Filed under: Iraq, Military, National Security, Terrorism, The United States | Tags: "Violent Extremism", Discrediting Their Ideology, Rules of Engagement
President Obama dropped by the Pentagon today, for a rare visit for the first time since October 2014. Military leaders including Defense Secretary Ashton Carter and General Martin Dempsey provided an update on the campaign against ISIS. Obama spoke to reporters from prepared notes (n0 teleprompter). He said coalition operations have scored successes in Iraq and Syria, but the battle against “the extremist group” promises to be a “generational” one.
Obama stressed “we’ll constantly reaffirm through words and deeds that we will never be at war with Islam while fighting terrorists who distort Islam and whose victims are mostly Muslims.”
We’re going to work day and night with allies and partners to disrupt terrorist networks and thwart attacks and to smother nascent ISIL cells that may be trying to develop in other parts of the world. This also includes remaining vigilant in protecting against attacks here in the homeland,” the president said. “Now I think it’s important for us to recognize the threat of violent extremism is not restricted to any one community. Here in the United States, we have seen all kinds of home-grown terrorism and tragically recent history reminds us how even a single individual motivated by a hateful ideology with access to dangerous weapons can inflict horrendous harm on Americans.”
He mentioned the attack in Garland,Texas, and added:”And because of our success over the years in improving our homeland security, we’ve made it harder for terrorists to carry out large-scale attacks like 9/11 here at home. But the threat of lone wolves or small cells of terrorists is complex. It’s harder to detect and harder to prevent. It’s one of the most different challenges that we face.”…”The good news is that, because of extraordinary efforts from law enforcement as well as our military intelligence we are doing a better job at preventing any large scale attacks on the homeland.” Apparently he was worried about the warnings of threats over the Fourth of July weekend.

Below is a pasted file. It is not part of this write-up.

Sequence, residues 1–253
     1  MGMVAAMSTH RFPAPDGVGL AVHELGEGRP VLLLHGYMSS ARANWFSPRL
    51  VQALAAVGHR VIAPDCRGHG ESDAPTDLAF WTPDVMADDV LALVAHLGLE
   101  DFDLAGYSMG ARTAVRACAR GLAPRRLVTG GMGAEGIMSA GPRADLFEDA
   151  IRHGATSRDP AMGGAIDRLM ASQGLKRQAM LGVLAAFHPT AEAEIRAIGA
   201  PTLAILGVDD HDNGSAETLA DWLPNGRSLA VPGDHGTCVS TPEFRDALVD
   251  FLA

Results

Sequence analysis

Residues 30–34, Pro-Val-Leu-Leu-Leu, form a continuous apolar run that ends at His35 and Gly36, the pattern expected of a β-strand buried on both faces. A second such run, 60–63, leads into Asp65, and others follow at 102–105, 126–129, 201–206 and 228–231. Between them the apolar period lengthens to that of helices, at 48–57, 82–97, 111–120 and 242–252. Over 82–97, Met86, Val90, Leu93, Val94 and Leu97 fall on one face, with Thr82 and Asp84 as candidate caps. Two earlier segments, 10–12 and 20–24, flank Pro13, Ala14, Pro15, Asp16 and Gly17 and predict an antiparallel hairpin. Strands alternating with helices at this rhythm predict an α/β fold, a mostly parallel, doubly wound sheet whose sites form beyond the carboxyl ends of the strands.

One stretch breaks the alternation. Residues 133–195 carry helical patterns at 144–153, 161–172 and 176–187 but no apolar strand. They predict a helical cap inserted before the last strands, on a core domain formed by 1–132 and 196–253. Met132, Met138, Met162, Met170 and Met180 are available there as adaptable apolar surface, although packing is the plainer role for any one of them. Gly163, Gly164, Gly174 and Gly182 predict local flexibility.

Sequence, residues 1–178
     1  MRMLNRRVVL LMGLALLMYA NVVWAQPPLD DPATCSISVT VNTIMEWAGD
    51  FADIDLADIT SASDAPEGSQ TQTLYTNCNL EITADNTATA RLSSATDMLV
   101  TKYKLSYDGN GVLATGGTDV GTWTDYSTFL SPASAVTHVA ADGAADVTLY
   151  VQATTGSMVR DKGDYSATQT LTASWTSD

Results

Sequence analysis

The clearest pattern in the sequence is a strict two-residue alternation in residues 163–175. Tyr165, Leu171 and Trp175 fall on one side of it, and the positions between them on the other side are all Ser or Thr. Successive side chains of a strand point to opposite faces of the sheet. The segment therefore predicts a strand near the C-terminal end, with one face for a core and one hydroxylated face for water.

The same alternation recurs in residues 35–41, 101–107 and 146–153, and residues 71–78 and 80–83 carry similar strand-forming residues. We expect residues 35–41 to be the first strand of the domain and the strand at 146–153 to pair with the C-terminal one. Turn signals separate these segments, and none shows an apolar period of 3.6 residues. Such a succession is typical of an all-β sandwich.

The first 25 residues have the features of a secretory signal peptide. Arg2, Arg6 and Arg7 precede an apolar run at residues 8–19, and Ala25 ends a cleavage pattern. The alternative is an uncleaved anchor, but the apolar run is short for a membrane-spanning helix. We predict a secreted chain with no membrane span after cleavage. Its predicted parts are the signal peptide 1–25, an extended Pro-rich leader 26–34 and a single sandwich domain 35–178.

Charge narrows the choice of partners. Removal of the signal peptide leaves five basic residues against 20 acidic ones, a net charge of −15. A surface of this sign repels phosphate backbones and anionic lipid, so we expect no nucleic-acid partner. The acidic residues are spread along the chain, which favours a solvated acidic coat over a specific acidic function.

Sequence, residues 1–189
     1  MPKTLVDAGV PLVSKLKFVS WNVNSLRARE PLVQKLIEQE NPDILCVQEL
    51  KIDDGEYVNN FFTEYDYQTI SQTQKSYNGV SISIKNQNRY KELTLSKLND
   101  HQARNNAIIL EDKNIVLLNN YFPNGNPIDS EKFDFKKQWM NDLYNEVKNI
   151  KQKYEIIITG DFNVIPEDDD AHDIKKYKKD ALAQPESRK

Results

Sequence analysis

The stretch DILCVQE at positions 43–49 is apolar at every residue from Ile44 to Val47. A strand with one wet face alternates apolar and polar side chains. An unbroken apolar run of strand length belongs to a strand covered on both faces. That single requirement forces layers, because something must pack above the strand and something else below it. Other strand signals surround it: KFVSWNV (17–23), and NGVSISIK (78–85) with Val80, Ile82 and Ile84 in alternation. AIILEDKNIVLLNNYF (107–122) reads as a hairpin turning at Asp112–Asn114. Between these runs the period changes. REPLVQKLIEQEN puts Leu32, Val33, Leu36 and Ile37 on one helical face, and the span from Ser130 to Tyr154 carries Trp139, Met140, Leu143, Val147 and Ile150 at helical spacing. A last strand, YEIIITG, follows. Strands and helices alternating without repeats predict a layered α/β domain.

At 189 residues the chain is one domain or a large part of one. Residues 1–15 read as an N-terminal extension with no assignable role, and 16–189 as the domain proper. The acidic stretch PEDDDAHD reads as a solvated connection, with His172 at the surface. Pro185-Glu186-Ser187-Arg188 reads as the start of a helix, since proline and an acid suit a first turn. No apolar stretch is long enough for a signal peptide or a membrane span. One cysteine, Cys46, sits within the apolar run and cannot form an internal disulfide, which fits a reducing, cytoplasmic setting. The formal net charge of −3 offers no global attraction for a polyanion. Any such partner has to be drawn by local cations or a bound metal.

He said the broader “twisted” ideology behind ISIS and al-Qaeda must be “discredited” and “ideologies are not defeated with guns they’re defeated by better ideas, more attractive and more compelling vision.”
Tell Adolph Hitler and his crew that ‘ideologies are not defeated with guns,’ or tell the militarists in Japan. The “twisted” ideology of ISIS is opposed to modernity and everything it represents. They intend to return to the pure Islam of the Prophet, and eliminate everyone and everything that stands in the way. Obama wants to bomb oil and gas facilities that fund their operations, “We’re going after the ISIS leadership and infrastructure in Syria, the heart of ISIS that pumps funds and propaganda to people around the world.”
Although they knew the seven buildings in downtown Raqqa in eastern Syria as the main headquarters of the Islamic State, the buildings have gone untouched during the 10-month allied air campaign. When convoys of heavily armed ISIS fighters paraded through the streets of the provincial capital of Ramadi after they forced Iraqi troops to flee, they rolled on unscathed by coalition fighter-bombers. Most bombing runs, it is reported, return with their bombs still aboard. because of the rules of engagement.
American and allied warplanes are equipped with the most precise aerial arsenal ever fielded. But American officials say they are not striking significant, and obvious, Islamic State targets out of fear that the attacks will accidentally kill civilians. Killing such innocents could hand the militants a major propaganda coup and alienate the local Sunni tribesmen, whose support is critical to ousting the militants, and Sunni Arab countries that are part of the fragile American-led coalition.
Obama will not risk harming any civilians. Drones are fine, though there is sometimes”collateral damage.” Strange way to run a war. Really strange.
Filed under: Iraq, Islam, Military, Terrorism | Tags: Political Correctness, Rules of Engagement, Understanding War